One commentator put this incident in the same category as the Transfiguration, which the church marked this past Thursday; both reveal clearly, to a few close disciples, the divine nature of Jesus. Only God himself is depicted in the Hebrew Scriptures as striding across the sea; that Jesus can do it too means only one thing, that he acts with the same mighty power as God himself.

But this story is not yet over. Matthew’s version alone tells the part of the story about Peter.

Convinced it would seem that this really is Jesus and that he really has divine power, Peter appeals to him to join Jesus on the water.

The reasons for his request are far from clear.

Does Peter want to take part in yet another miracle, like the feeding of the 5,000, which just happened yesterday?

Is he being impulsive, which we know he can be?

Does he just want to be close to Jesus, having been sent away by him not long before?

Hard to say, but the important part is that he could have stayed in the boat. But Peter chose to take a risk.

And at first it works. Peter is able, like Jesus himself, to walk on water. What this shows is that a faithful follower of Christ, empowered by Christ, is able to do wondrous things.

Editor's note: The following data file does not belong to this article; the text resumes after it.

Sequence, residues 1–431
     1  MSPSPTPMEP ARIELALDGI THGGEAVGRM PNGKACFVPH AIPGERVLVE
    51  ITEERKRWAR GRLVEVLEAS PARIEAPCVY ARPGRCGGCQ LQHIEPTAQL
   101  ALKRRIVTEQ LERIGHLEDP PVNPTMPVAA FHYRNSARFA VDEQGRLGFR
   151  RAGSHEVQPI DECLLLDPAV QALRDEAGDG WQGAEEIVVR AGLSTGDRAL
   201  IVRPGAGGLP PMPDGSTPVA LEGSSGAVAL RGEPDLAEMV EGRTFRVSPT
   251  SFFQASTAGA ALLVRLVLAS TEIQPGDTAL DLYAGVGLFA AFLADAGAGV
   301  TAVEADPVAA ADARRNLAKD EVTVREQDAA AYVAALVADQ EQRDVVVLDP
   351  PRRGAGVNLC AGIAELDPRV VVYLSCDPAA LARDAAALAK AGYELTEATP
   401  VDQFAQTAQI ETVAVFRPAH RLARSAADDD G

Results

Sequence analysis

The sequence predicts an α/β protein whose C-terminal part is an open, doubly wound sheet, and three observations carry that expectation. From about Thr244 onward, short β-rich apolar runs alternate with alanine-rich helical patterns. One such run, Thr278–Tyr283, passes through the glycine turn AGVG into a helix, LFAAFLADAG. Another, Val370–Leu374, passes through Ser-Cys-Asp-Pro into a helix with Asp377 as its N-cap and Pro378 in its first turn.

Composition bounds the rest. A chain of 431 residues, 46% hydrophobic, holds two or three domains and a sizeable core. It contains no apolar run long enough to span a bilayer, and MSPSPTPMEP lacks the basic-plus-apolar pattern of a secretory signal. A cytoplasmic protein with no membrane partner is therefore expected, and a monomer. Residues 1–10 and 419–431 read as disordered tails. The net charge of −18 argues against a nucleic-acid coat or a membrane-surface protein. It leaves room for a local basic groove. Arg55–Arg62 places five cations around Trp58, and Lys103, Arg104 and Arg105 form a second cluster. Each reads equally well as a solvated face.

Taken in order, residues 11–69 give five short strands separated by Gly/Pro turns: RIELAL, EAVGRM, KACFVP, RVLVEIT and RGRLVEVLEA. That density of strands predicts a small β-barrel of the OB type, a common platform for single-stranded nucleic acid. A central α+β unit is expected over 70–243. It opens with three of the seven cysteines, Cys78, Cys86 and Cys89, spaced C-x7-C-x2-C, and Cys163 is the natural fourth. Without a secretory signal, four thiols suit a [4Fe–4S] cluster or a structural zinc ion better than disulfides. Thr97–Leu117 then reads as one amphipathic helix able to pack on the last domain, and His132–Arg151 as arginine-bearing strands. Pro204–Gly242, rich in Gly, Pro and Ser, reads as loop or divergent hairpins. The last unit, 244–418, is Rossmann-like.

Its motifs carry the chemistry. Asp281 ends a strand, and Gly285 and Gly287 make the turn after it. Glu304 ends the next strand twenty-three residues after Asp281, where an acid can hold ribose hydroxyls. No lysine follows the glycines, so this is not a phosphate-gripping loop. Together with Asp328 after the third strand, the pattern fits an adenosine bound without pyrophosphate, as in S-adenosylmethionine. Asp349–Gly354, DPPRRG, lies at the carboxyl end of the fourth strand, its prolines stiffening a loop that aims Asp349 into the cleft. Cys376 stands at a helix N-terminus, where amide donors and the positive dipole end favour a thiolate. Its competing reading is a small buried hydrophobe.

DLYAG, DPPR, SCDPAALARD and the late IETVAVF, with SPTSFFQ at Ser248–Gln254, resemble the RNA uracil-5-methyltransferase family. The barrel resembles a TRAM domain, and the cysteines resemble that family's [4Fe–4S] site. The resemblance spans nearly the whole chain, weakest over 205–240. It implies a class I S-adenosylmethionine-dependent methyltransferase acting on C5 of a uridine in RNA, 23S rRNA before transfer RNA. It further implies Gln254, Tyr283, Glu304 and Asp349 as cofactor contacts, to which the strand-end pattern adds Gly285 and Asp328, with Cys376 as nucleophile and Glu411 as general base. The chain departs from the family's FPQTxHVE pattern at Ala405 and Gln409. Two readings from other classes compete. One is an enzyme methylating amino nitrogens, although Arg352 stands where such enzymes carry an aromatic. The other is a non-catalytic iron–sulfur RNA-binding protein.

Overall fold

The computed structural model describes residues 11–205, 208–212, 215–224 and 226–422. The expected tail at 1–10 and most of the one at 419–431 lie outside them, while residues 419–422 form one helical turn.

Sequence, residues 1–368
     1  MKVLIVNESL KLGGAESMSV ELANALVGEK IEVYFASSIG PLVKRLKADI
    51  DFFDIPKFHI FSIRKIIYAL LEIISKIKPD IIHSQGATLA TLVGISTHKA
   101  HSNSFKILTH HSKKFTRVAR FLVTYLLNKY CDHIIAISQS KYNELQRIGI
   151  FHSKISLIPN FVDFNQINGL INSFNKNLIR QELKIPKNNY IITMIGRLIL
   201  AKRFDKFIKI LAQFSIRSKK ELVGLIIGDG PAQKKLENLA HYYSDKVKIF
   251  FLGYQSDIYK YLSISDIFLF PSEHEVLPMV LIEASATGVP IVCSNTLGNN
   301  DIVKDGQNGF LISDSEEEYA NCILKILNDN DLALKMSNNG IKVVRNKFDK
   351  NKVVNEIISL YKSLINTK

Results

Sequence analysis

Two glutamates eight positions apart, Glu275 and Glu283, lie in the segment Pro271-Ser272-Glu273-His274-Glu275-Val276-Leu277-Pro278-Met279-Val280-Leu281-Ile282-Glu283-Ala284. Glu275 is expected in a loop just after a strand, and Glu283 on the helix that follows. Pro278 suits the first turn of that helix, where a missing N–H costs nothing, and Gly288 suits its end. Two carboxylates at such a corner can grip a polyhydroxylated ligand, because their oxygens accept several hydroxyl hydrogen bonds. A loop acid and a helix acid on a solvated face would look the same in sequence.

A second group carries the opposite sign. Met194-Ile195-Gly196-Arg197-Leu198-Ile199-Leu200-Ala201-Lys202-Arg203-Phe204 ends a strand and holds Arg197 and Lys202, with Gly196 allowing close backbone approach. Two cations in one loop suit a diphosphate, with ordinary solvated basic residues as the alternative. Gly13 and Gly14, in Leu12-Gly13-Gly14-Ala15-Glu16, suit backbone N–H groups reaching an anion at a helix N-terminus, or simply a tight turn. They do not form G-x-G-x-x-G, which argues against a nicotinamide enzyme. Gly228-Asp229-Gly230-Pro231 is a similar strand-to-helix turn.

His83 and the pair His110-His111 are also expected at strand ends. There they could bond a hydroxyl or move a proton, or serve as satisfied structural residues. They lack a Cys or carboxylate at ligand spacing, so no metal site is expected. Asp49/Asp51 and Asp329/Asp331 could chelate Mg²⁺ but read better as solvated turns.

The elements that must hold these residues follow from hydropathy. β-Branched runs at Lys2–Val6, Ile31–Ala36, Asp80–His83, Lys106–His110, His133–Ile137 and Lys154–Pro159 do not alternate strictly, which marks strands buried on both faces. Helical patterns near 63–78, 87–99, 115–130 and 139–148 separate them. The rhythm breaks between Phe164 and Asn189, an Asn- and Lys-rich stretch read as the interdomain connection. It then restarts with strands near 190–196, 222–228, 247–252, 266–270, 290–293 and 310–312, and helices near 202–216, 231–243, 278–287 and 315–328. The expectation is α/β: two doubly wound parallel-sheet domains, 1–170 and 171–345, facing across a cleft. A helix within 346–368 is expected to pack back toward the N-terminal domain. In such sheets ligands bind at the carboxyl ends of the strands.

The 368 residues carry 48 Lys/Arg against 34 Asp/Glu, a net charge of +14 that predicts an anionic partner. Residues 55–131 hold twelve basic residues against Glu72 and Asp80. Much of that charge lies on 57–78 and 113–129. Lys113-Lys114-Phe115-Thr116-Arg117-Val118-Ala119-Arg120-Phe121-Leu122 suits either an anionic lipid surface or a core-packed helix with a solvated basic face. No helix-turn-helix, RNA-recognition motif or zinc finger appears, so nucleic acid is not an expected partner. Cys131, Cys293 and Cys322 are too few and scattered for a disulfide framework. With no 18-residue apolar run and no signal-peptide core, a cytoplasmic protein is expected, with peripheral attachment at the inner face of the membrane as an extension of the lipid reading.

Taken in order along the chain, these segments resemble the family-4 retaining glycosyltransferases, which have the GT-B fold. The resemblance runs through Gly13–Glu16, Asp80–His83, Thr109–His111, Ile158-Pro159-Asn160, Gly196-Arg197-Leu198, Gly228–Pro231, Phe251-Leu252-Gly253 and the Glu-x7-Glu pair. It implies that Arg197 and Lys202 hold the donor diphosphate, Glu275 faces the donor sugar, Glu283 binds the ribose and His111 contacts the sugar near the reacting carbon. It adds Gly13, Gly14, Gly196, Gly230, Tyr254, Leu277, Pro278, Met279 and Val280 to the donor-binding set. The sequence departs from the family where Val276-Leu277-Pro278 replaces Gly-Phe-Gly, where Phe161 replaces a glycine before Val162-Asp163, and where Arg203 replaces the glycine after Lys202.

But when that same follower’s faith falters, then like any of us would, Peter begins to sink.

Now Matthew tells us fear comes back into the picture. In verse 26 the disciples “cried out for fear;” then in verse 27 Jesus “immediately spoke to them, saying, ‘Take heart, it is I; have no fear.’” Now in verse 39, “but when Peter saw the wind, he was afraid.”

When Jesus saw that all his disciples on the boat were afraid, he “immediately” spoke to them. And now again, that same word comes up when he sees that Peter is afraid. “Jesus immediately reached out his hand and caught him.”

When he sees his disciples afraid, Jesus immediately speaks, and Jesus immediately acts. The same Christ who has compassion upon and feeds thousands of hungry people, who has power over nature and walks on water, also saves from danger and death.

“Have no fear.” Should that not be the message for our time? I don’t think we have heard these words nearly often enough in the past few months. It seems to me every Christian should have these words on their lips and in their hearts, perhaps especially our church leadership.